EXCLUSIVE: Rangers legend Nacho Novo speaks to Unionist Voice

Unionist Voice editor Jamie Bryson has spoken exclusively to Rangers legend Nacho Novo. The Ibrox hero tells Unionist Voice about the sectarian abuse at Belfast International Airport, why he believes Steven Gerrard will be a Rangers legend and his disappointment at being knocked back for the Glentoran job

EXCLUSIVE: Rangers legend Nacho Novo speaks to Unionist Voice


Nacho Novo was recently the victim of a tirade of threatening abuse as he arrived at Belfast International Airport, the incident was recorded by the perpetrator himself, Daire Smyth from Downpatrick, and published online. I started by asking the Rangers legend how he felt about the incident.

Join over thousands of readers who are receiving our newsletter and being kept up to date with the latest news from the community
We hate spam. Your email address will not be sold or shared with anyone else.

“A disgrace. It is hard to take when these things happen, however I am well used to it as it has happened to me so many times. He is not a sensible person, but I won’t let anyone disrespect me. There has been a lot of coverage over incidents involving Neil Lennon, maybe not so much when it happens to a current or former Rangers player.”

He continued “I met Neil Lennon a few times at charity events and other things, and he is fine, a nice person. No player or manager whether Rangers or Celtic should be subjected to abuse and threats.”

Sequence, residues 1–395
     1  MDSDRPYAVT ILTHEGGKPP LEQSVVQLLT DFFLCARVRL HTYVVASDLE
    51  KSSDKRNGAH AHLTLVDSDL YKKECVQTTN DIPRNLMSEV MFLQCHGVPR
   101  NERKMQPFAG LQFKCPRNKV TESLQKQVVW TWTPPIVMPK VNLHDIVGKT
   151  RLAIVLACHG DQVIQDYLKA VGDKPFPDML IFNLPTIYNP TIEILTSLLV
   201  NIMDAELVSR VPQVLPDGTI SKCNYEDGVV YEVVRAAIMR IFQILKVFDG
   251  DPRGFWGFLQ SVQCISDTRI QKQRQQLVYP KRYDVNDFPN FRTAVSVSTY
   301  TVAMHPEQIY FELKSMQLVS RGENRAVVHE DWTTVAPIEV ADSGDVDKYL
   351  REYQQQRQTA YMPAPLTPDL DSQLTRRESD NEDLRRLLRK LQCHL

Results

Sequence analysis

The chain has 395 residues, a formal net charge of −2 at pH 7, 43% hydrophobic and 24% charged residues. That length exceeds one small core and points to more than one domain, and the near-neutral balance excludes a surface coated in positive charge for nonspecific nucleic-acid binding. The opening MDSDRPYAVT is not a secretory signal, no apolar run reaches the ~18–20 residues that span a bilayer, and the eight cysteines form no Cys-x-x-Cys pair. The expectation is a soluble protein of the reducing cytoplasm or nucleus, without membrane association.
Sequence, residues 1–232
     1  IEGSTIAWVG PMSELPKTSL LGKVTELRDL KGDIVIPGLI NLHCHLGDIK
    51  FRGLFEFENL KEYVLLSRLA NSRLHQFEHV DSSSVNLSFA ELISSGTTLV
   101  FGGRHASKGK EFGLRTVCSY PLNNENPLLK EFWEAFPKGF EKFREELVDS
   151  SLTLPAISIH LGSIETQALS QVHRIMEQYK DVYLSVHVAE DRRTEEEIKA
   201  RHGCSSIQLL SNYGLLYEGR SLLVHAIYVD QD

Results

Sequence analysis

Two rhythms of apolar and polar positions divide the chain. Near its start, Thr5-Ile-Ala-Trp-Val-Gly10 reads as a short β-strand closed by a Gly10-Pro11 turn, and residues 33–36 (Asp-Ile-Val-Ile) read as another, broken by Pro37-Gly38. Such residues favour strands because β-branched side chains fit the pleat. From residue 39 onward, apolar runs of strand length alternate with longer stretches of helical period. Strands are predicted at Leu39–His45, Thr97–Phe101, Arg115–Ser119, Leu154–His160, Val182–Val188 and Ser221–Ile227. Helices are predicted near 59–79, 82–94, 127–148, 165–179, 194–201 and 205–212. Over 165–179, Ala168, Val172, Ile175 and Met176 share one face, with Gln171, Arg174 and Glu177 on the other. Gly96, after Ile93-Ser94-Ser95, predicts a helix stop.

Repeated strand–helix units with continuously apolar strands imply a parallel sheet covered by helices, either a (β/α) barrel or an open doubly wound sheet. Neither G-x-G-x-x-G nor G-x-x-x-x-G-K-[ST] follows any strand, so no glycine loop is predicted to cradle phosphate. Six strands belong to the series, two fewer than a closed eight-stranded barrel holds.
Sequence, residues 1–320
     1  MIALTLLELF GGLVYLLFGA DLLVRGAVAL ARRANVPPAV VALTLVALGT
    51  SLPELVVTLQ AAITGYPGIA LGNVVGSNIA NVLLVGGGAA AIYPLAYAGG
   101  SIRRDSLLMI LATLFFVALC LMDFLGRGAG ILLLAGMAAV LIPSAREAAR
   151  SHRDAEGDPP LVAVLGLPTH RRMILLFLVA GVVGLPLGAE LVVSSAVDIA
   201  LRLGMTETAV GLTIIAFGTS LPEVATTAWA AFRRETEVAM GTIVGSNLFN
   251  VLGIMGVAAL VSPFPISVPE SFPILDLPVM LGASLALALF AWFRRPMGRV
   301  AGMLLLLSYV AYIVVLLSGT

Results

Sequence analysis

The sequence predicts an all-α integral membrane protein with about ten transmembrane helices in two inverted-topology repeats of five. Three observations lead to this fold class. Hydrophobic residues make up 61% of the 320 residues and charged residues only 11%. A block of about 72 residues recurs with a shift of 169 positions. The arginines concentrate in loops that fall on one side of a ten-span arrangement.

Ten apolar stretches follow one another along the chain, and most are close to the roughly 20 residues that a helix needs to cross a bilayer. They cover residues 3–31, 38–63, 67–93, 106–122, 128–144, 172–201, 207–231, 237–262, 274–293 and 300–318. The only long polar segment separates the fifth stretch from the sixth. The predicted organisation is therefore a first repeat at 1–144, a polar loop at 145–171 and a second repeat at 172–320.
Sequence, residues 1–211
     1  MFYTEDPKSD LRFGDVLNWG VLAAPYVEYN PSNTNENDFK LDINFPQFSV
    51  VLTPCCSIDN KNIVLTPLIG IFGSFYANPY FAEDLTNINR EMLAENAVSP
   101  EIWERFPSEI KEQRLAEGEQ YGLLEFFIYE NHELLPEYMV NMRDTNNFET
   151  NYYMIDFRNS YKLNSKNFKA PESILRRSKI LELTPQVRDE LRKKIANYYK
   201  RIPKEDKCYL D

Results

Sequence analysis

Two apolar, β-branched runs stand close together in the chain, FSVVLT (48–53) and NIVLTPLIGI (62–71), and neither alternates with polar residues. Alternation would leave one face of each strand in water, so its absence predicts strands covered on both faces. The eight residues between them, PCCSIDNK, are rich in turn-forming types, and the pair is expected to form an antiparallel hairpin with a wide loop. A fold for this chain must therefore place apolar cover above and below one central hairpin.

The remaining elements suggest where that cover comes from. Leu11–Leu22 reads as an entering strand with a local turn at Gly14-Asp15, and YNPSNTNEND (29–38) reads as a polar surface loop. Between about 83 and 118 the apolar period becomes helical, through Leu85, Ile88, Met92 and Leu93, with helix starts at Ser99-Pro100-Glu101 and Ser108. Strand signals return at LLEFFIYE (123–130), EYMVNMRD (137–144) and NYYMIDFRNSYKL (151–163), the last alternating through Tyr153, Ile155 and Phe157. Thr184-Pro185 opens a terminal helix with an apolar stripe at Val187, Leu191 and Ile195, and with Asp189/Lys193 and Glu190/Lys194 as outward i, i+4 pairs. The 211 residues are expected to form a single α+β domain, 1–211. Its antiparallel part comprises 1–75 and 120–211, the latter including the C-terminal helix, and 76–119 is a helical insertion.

Prior to the incident a number of Celtic fans posed for photos with the Ibrox legend, these are genuine football fans with whom he enjoys the banter. On them he said “they were nice boys, proper football supporters. I had banter with them and they had banter back, it wasn’t nasty or threatening.”

In Monday’s Belfast Telegraph Smyth offered a half-hearted apology for the incident, however Novo has rejected this saying “I don’t accept his so-called apology. He has only given it because of the bad attention he brought on himself. He is sorry about the negative press he brought onto himself, not sorry for what he done.”

Nacho continued “he wanted a reaction, he was acting a big man in front of mates and trying to look tough on the internet. He was never going to get a reaction from me because he isn’t a sensible person, but at the same time I am not going to run away from anyone, especially a bully like this man. He doesn’t scare me.”

The purpose of the trip was to visit East Belfast Football Club’s growing youth development set up, and the ex-professional had nothing but praise for the club. He said “They are doing a great job, I was really pleased to attend. It is amazing what they have done with the young kids, they do not get enough credit for this. I know many people in East Belfast and I know they have spent a lot of time with the kids trying to build them up and set them on a path to professional football, but most importantly they are taking the kids of the streets.”

He also had a word of praise for local football talent saying “there is lots of great football talent in Northern Ireland. It is how they are coached that matters and I think a lot of that talent could go far in professional football with the right coaching.”